Doxycycline-dependent photoactivated gene expression in eukaryotic systems

Max Planck Institute of Neurobiology, Munich-Martinsried, Germany.
Nature Methods (Impact Factor: 32.07). 07/2009; 6(7):527-31. DOI: 10.1038/nmeth.1340
Source: PubMed


High spatial and temporal resolution of conditional gene expression is typically difficult to achieve in whole tissues or organisms. We synthesized two reversibly inhibited, photoactivatable ('caged') doxycycline derivatives with different membrane permeabilities for precise spatial and temporal light-controlled activation of transgenes based on the 'Tet-on' system. After incubation with caged doxycycline or caged cyanodoxycycline, we induced gene expression by local irradiation with UV light or by two-photon uncaging in diverse biological systems, including mouse organotypic brain cultures, developing mouse embryos and Xenopus laevis tadpoles. The amount of UV light needed for induction was harmless as we detected no signs of toxicity. This method allows high-resolution conditional transgene expression at different spatial scales, ranging from single cells to entire complex organisms.

Download full-text


Available from: Mazahir T. Hasan, Apr 19, 2014
58 Reads
  • Source
    • "A brief irradiation with non-damaging UV light removes the caging group and restores activity of the biomolecule. This methodology has been successfully applied to the light-regulation of gene expression through caged antisense agents (9–14), caged mRNA (15), caged DNA decoys (16), caged triplex-forming oligonucleotides (17), caged proteins (18–20), caged small molecules (21,22) and recently to caged miRNA antagomirs (23,24). "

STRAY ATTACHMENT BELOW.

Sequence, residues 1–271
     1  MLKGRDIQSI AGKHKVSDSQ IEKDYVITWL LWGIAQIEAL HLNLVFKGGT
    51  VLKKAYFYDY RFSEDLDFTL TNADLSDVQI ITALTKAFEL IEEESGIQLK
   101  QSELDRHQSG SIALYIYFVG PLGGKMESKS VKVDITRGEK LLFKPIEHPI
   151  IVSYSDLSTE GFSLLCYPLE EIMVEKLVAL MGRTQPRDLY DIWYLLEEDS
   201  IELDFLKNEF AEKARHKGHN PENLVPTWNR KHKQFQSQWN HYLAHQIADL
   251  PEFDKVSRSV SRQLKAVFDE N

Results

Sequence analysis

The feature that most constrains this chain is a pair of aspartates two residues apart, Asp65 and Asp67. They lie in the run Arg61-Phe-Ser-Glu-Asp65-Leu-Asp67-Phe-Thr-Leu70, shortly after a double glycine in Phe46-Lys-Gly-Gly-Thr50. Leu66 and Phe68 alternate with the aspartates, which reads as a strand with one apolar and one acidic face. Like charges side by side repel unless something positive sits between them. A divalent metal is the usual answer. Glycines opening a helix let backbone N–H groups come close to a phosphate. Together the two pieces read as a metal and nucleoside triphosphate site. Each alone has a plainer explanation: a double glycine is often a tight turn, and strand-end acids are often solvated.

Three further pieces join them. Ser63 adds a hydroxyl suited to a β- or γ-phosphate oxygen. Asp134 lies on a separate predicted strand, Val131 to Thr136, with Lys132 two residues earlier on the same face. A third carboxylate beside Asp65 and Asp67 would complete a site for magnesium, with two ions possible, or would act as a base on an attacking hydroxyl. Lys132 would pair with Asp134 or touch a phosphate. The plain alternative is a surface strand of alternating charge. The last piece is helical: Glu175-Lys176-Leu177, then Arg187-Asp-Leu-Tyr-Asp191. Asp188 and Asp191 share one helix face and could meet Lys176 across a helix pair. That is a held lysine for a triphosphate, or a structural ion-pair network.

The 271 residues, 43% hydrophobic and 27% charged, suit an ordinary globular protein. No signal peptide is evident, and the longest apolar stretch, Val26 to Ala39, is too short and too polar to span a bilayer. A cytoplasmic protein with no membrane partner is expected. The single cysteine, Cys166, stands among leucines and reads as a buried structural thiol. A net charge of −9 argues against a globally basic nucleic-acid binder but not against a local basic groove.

[Show abstract] [Hide abstract]
    ABSTRACT: Short interfering RNAs (siRNAs) and microRNAs (miRNAs) have been widely used in mammalian tissue culture and model organisms to selectively silence genes of interest. One limitation of this technology is the lack of precise external control over the gene-silencing event. The use of photocleavable protecting groups installed on nucleobases is a promising strategy to circumvent this limitation, providing high spatial and temporal control over siRNA or miRNA activation. Here, we have designed, synthesized and site-specifically incorporated new photocaged guanosine and uridine RNA phosphoramidites into short RNA duplexes. We demonstrated the applicability of these photocaged siRNAs in the light-regulation of the expression of an exogenous green fluorescent protein reporter gene and an endogenous target gene, the mitosis motor protein, Eg5. Two different approaches were investigated with the caged RNA molecules: the light-regulation of catalytic RNA cleavage by RISC and the light-regulation of seed region recognition. The ability to regulate both functions with light enables the application of this optochemical methodology to a wide range of small regulatory RNA molecules.
    Nucleic Acids Research 09/2013; 41(22). DOI:10.1093/nar/gkt806 · 9.11 Impact Factor
  • Source
    • "To provide a light-sensitive transcriptional control system, Cambridge et al. recently designed two caged analogues of tetracycline: caged doxycyline and caged cyanodoxycline (Cambridge et al., 2009). The second compound has the additional advantage of reduced membrane permeability, to increase perdurance within the cell after uncaging. "